Limpopo Health MEC, Dr Phophi Ramathuba has voiced her concern about the growing number of people buying indigenous herbs for steaming purposes. The informal trade in indigenous herbs for steaming purposes is booming in Limpopo as people believe doing so reduces the chances of contracting Covid-19.
She said people have been using steam therapy to treat Covid-19, but she warned about the dangers associated with this practice. The MEC said that some steam procedures involve pure water, while with others, traditional herbs are added, such as Tshiumbeumbe. She said the belief is not supported by any scientific evidence and added that people with underlying conditions such as hypertension, should not steam. She also said that steaming should also not be done every day.
“Not everyone can steam. This is where the danger lies. People with other medical conditions continue to steam. Even when you go to your beauty spa, they will tell you that if you have hypertension, don’t enter the steam room because your medical condition can complicate things,” she warned.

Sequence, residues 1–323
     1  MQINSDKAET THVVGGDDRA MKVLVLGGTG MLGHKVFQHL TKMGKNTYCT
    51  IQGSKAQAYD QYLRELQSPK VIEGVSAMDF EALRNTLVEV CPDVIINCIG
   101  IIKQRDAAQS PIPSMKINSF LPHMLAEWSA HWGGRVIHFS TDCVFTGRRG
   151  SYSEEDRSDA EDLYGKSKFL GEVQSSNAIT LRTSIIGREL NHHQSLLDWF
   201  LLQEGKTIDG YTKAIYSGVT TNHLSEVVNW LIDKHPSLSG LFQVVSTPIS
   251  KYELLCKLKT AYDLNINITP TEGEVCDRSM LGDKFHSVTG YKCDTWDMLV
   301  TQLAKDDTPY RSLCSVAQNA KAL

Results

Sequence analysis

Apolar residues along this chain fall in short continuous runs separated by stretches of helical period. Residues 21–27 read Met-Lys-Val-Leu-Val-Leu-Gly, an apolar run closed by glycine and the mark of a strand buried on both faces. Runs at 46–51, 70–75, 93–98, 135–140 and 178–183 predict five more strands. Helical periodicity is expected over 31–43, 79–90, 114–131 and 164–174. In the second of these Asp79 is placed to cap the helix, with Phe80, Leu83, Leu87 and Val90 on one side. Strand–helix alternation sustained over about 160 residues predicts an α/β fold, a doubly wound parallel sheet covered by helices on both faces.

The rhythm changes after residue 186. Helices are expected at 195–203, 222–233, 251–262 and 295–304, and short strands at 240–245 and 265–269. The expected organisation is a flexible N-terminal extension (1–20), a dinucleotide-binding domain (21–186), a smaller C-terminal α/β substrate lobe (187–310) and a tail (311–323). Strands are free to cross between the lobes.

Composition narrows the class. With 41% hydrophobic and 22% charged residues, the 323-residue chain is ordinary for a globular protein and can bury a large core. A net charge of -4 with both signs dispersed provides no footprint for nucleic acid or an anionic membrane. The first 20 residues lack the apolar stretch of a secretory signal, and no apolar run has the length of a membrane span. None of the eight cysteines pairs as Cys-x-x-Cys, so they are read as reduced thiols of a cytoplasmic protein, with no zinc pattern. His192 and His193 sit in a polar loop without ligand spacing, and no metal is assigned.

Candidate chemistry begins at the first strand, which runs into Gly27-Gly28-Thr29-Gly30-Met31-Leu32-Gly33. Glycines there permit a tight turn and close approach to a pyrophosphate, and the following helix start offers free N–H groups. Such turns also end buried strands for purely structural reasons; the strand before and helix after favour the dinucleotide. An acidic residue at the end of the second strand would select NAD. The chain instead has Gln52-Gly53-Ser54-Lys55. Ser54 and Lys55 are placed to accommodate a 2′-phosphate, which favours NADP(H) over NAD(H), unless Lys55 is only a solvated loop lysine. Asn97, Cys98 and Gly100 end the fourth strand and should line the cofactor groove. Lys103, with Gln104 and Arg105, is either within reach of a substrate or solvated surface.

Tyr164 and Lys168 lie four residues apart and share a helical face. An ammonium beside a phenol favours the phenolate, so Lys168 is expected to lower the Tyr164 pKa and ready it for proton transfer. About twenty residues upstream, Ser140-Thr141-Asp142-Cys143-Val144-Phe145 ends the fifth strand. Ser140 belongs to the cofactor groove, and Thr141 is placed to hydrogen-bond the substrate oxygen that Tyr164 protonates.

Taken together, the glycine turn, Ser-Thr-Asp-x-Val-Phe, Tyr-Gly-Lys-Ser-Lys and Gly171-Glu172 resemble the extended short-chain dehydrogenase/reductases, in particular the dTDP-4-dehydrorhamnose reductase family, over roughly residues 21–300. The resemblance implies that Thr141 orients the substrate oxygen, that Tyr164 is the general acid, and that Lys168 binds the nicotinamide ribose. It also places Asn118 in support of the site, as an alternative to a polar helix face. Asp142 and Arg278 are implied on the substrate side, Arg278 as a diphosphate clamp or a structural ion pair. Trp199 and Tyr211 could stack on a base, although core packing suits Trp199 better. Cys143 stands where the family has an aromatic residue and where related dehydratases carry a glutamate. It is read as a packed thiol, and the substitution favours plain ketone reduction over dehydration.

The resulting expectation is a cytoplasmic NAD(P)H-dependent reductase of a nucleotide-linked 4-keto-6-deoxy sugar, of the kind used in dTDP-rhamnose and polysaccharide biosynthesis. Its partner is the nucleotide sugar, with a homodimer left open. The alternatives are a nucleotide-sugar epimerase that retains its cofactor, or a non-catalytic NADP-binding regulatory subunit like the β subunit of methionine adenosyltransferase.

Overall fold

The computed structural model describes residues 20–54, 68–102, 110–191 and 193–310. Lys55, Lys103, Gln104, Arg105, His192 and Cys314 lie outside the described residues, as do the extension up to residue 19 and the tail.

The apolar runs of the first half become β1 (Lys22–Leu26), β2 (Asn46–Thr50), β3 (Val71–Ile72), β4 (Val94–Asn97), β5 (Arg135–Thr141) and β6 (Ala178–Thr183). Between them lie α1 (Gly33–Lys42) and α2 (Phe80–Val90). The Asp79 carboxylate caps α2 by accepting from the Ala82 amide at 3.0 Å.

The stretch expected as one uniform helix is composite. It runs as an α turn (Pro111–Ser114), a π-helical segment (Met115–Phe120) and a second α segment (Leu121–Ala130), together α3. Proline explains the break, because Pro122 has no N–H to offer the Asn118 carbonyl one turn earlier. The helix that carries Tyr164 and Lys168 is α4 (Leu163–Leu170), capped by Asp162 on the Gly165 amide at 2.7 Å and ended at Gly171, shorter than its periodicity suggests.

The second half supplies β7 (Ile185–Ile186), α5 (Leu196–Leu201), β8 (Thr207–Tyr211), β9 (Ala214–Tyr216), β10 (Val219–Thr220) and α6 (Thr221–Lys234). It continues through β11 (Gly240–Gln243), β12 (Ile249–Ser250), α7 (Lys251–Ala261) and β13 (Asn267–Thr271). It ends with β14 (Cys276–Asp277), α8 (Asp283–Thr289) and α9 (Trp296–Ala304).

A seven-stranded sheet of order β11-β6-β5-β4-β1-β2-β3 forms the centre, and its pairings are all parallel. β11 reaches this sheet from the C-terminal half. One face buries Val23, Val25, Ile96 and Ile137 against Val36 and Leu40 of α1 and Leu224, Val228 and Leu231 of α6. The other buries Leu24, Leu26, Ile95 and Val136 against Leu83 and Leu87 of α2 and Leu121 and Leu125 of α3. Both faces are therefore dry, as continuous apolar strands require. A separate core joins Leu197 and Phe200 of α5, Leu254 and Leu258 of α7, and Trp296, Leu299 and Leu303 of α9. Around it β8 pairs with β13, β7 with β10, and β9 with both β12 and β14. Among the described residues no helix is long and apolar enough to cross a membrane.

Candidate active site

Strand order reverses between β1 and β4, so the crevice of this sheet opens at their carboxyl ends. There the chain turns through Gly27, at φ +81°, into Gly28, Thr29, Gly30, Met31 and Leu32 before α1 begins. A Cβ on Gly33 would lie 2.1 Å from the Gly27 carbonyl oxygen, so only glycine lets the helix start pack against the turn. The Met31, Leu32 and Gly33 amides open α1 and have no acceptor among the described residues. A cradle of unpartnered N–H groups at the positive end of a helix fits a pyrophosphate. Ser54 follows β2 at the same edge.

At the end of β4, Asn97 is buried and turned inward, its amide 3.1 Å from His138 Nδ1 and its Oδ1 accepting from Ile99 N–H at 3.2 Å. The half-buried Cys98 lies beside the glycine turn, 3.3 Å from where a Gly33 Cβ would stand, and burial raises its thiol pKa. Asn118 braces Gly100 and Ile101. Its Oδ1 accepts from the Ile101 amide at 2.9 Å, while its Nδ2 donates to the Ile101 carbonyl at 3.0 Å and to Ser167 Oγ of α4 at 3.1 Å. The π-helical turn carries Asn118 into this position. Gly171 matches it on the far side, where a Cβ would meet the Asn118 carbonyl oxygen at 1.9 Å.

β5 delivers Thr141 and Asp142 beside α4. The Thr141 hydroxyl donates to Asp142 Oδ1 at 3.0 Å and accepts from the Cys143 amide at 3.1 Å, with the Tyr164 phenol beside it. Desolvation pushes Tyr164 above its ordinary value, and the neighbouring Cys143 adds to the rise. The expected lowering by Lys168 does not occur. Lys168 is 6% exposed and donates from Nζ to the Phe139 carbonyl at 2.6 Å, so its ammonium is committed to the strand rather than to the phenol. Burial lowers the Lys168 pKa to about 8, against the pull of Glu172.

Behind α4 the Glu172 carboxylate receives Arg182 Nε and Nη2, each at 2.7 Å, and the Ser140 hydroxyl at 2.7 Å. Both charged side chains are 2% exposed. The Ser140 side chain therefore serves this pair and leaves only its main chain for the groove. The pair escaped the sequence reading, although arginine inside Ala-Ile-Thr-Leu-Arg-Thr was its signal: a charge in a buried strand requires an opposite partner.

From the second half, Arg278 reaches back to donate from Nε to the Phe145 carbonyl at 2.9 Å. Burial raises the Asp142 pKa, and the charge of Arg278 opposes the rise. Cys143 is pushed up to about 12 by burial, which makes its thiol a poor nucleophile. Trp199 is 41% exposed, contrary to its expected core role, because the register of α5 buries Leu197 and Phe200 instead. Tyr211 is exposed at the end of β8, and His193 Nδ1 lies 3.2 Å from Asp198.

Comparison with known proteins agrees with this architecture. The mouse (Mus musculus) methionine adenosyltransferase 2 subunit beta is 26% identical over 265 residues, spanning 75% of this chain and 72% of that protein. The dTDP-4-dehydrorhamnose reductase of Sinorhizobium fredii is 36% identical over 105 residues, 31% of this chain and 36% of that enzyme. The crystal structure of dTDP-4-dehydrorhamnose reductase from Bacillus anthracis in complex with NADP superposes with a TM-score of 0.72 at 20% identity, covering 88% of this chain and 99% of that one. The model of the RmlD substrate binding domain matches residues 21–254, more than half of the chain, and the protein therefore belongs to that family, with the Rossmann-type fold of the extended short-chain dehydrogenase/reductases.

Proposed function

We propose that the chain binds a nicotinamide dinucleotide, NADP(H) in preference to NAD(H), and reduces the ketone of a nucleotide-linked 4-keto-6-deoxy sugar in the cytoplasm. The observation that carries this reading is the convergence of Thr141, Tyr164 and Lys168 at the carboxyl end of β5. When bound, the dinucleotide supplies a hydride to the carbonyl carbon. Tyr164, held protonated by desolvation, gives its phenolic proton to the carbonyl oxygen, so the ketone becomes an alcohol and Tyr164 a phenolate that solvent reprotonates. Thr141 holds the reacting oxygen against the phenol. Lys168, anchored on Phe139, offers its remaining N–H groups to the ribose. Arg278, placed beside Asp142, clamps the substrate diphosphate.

Ramathuba said people who steamed could also sweat a lot, which could cause them to lose a lot of fluid and electrolytes.
“If you have renal problems, you might complicate your condition. If you want to steam, you must first seek advice from your physician,” she said.
Phathutshedzo Ramabulana, a resident from Murunwa, sells a traditional herb called Tshiumbeumbe (also known at Artemisia) on the streets in Louis Trichardt for R10 and R20 per packet, which generates an income for his family.
“This Tshiumbeumbe helps people. We get it from the mountain and many people are supporting us. This is the only income I have to put bread on the table for my family, as I lost my job due to Covid-19,” he said.